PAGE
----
Use One Time Passwords

Use One Time Passwords

figs/moderate.gif figs/hack33.gif

Sometimes even a complex password may not meet your security needs.

If you are on the road and need to access the corporate network from a non-secure computer in a public place, the risk of password leakage increases. Could the person next to you be shoulder surfing, watching as you log into the network? Does the computer you're using have some sort of installed spyware or keystroke logger? Is there a packet sniffer running somewhere on the network? In such a situation, a One Time Password can be a real lifesaver.

1 Configuring OPIE

FreeBSD comes with OPIE, or One-time Passwords In Everything, a type of software OTP system. It is easy to configure and doesn't require any additional hardware or proprietary software running on a server. Ideally, you should configure OPIE before leaving your secure network. For example, if you plan on traveling with your laptop, configure OPIE while connected to the office network. Make sure you are logged in as your regular user account to the particular system you'll need to access while on the road.

Start by adding yourself to the OPIE database, or /etc/opiekeys, using opiepasswd. If you intend to access your workstation while on the road, run this command while physically sitting at your workstation. Include the console switch (-c) to indicate you are at that station's console, so it is safe to enter a passphrase:

% opiepasswd -c

Adding dru:

Only use this method from the console; NEVER from remote. If you are using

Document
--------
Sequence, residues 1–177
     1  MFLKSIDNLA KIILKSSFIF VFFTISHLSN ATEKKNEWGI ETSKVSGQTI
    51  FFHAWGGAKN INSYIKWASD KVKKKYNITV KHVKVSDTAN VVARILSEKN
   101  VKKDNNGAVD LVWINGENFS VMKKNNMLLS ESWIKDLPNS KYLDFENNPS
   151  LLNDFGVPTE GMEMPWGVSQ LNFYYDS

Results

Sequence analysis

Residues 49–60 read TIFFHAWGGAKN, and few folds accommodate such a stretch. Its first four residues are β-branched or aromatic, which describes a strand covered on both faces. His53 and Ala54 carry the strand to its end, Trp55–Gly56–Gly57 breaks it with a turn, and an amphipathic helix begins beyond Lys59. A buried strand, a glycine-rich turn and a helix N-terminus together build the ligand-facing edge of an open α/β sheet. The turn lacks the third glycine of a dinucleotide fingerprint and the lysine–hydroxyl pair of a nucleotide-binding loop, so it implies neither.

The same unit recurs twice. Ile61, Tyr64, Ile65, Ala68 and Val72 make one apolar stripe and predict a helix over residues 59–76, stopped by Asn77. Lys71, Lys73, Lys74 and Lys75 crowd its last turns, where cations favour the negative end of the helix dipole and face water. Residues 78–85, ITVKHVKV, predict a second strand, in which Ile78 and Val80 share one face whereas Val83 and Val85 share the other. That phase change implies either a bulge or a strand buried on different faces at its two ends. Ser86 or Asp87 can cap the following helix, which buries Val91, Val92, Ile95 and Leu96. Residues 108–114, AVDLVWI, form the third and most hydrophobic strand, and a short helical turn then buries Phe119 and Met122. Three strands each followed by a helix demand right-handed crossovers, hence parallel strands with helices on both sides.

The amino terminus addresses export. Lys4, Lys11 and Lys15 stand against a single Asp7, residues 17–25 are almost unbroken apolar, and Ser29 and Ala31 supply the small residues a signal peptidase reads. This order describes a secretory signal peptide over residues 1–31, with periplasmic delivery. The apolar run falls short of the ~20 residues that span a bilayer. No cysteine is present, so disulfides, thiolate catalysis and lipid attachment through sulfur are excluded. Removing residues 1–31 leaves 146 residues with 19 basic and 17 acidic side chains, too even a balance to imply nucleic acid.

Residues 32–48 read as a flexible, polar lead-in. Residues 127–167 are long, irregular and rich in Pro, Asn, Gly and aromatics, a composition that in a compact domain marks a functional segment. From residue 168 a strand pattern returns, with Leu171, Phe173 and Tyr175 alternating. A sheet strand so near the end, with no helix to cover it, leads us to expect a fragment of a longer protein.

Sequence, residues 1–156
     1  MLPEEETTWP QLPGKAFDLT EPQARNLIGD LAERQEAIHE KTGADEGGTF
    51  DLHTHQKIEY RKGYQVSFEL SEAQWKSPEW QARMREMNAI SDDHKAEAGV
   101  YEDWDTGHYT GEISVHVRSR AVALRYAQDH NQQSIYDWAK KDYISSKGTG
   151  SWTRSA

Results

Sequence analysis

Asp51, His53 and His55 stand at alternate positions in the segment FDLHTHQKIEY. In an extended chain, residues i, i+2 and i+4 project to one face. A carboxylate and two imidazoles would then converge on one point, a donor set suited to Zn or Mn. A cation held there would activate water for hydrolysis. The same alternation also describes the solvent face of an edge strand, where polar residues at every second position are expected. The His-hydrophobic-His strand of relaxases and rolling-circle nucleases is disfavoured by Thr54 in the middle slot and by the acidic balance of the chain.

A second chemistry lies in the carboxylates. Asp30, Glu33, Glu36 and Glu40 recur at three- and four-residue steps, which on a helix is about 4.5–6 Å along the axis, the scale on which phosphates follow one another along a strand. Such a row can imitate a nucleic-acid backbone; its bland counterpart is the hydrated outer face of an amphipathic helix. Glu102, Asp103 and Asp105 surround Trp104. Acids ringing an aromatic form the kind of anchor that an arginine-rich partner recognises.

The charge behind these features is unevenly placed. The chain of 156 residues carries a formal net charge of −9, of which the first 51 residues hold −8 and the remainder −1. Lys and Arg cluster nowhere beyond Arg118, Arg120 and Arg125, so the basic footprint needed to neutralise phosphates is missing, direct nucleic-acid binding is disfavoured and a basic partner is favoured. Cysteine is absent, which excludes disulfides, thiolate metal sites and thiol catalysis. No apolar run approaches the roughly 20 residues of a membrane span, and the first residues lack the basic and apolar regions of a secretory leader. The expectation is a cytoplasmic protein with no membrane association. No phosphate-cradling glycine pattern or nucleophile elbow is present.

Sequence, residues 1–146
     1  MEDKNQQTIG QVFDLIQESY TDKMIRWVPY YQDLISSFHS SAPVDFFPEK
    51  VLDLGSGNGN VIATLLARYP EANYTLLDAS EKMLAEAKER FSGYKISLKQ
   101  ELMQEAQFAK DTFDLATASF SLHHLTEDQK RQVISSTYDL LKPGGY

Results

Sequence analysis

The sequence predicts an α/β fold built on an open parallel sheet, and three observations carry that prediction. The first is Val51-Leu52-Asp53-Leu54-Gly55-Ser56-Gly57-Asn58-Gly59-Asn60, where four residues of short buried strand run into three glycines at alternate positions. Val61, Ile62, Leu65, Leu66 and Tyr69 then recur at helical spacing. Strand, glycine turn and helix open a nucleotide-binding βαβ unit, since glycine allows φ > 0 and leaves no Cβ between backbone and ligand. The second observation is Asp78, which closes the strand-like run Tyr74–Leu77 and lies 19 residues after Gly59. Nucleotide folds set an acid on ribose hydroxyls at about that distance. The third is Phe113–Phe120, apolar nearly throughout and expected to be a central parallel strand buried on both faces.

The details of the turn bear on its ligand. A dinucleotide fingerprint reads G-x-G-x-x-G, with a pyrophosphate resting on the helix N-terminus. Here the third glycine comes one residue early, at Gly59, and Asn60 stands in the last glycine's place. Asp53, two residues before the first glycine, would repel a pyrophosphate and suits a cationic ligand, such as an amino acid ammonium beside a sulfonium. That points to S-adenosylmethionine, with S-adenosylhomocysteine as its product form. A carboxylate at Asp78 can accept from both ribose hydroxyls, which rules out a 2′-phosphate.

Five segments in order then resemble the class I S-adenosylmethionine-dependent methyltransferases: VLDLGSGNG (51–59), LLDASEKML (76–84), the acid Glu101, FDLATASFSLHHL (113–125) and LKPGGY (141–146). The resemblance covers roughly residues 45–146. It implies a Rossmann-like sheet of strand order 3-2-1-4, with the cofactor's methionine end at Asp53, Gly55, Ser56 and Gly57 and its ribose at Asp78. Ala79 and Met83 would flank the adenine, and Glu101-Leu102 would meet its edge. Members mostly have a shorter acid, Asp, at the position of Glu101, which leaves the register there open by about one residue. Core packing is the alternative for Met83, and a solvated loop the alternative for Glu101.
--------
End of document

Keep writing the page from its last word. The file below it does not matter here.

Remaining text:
telnet, xterm, or a dial-in, type ^C now or exit with no password.

Then run opiepasswd without the -c parameter.

Using MD5 to compute responses.

Enter new secret pass phrase: 

Secret pass phrases must be between 10 and 127 characters long.

Enter new secret pass phrase: 

Again new secret pass phrase: 

ID dru OTP key is 499 dh0391


See that warning at the beginning? If you don't have physical access to the system's keyboard—say, you're logging into a server—make sure you use ssh to log into that system before running the opiepasswd -c command. Your only protection from another user using your one-time password is your passphrase, which is basically a long password that can include spaces. If that passphrase is transmitted over the network in clear text, you've defeated the whole purpose of this exercise.

Note that the passphrase isn't used as a password per se; instead, it is used to prove who added the account to the database and is therefore the rightful owner of the resulting response or one-time password. You'll need to issue that passphrase whenever you need to view your responses. Responses are always comprised of six uppercase nonsense words.

Next, verify that you are indeed in the OPIE database:

% opieinfo

498 dh0391

The opieinfo command displays the count (498) that will be used at the next login. It will also display the seed associated with that count (dh0391). In this example, it is expecting the response associated with 498, but I only know the response for 499. I'll need to use an OTP password calculator to figure out the correct response; that calculator is really just the opiekey command.

You could use the calculator from a separate terminal every time you login, but it is usually more convenient to print a list of responses and regenerate a new list whenever you run out of responses.

2 Generating Responses

In order to use the calculator, you need to know three things:

  • Your current counter

  • Your seed

  • Your secret passphrase

The challenge at the login prompt will display the current counter and seed. However, it is important that only you know your secret passphrase. Otherwise, anyone could calculate the response and log into your account.

To generate a list of responses, use the number switch (-n), followed by the number of desired responses and your current count and seed: